Women's Magazines Should Drop Camel Cigarette Ads
It is a "big disappointment" that R.J. Reynoldshas "found an ally" in some women's magazines, which have "sold out thewell-being of their readers" by publishing Camel No. 9 cigaretteadvertisements, Rep. Lois Capps (D-Calif.) writes in a Washington Post opinion piece (Capps, Washington Post, 10/12).
Reynoldsin February launched the brand, which several public healthorganizations and women's groups say are targeted at young women. Thecompany -- in an effort to increase its market share among femalesmokers, who made up about 30% of Camel buyers -- packaged thecigarettes in a "hot-pink fuchsia" and a "minty-green teal package" andadvertised the brand with the slogan, "Light and Luscious." An adcampaign for the brand says the cigarettes are now "available instiletto," a longer, thinner cigarette.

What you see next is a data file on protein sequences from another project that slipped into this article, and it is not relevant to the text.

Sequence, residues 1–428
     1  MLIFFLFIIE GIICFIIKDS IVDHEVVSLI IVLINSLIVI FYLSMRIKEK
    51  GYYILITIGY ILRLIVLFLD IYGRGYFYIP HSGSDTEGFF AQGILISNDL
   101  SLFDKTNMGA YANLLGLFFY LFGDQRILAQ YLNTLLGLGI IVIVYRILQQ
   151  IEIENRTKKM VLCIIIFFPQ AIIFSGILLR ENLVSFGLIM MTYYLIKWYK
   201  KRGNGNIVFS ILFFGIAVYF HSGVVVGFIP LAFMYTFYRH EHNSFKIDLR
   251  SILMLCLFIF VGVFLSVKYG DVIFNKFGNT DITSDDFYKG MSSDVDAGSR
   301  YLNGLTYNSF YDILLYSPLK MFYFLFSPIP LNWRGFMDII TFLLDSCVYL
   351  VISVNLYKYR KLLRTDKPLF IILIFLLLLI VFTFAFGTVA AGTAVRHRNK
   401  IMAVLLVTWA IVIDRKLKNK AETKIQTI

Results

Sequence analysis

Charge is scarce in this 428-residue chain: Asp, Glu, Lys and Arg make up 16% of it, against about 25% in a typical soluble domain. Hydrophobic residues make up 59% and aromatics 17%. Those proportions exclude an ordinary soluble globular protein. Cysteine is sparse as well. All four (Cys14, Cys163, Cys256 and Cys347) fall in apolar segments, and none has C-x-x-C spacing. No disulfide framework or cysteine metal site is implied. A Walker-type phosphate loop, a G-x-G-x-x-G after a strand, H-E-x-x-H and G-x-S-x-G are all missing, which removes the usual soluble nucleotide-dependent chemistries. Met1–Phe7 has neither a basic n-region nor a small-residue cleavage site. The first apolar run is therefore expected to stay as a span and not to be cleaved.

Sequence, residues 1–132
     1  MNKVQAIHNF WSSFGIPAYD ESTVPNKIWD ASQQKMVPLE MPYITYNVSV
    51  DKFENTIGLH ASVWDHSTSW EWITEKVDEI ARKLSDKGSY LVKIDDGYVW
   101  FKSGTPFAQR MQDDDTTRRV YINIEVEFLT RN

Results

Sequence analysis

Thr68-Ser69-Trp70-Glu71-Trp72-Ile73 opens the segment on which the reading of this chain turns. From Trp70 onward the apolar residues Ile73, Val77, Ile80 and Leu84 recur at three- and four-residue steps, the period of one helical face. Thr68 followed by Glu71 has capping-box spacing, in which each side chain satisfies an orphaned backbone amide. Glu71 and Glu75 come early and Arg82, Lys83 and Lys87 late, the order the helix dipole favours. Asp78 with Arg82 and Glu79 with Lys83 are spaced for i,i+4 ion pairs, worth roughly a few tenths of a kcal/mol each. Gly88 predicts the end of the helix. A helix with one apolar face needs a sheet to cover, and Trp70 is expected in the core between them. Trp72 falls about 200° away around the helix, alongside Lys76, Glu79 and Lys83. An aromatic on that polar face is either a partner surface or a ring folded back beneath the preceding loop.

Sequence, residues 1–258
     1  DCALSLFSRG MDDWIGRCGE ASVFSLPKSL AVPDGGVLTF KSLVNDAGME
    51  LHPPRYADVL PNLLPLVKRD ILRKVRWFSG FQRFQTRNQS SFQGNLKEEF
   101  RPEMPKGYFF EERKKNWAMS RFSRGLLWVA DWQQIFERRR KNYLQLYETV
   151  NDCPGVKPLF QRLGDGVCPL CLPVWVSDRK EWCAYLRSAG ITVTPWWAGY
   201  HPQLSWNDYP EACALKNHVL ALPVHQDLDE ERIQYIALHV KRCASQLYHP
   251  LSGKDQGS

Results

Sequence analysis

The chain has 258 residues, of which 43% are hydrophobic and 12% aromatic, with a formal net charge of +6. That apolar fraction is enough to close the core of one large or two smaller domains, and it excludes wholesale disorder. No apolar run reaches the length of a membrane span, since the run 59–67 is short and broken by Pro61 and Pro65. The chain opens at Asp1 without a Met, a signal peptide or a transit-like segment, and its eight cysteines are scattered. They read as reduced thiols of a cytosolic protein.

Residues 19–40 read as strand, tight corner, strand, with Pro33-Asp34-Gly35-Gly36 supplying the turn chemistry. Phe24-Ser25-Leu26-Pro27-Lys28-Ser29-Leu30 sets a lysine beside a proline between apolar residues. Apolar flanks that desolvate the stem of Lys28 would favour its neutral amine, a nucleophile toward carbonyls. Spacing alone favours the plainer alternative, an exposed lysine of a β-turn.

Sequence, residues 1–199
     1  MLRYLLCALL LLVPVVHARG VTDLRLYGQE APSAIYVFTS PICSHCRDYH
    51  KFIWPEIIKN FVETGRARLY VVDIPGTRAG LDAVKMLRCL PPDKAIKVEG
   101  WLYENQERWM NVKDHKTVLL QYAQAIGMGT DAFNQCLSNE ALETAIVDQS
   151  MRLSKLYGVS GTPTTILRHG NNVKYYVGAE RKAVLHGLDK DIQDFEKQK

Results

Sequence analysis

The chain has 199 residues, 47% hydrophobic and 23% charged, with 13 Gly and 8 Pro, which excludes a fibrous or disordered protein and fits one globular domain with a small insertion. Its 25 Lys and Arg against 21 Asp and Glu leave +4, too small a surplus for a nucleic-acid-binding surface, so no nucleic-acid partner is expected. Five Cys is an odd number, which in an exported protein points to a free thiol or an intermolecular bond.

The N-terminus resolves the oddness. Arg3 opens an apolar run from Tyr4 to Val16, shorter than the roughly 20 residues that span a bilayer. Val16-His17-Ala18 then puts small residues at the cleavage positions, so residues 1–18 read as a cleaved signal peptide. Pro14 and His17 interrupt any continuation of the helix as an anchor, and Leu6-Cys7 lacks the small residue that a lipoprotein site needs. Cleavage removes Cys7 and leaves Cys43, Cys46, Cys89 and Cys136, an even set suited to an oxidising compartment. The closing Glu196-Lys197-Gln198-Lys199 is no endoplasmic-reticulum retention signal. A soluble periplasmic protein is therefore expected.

Reynolds, which is working with the agencies Agent 16 and Gyro Worldwide, has placed ads in magazines -- including Cosmopolitan, Flaunt, Glamour, Vogue and W -- and is distributing coupons and give-away packs at nightclubs (Kaiser Daily Women's Health Policy Report,8/17). According to Capps, she and 40 other members of Congress wroteletters in June and August expressing their disappointment that 11women's magazines were running ads for Camel No. 9 cigarettes. Seven ofthe 11 magazines have responded, but "none has committed to droppingthe ads," Capps said.
"No amount of pretty pink packaging canobscure the fact that lung cancer is the No. 1 cancer killer amongAmerican women," Capps writes. She concludes that the magazines need to"drop these ads" because the "health of readers, America's young womenand girls, should be more important than the revenue derived fromabetting the tobacco industry" (Washington Post, 10/12).
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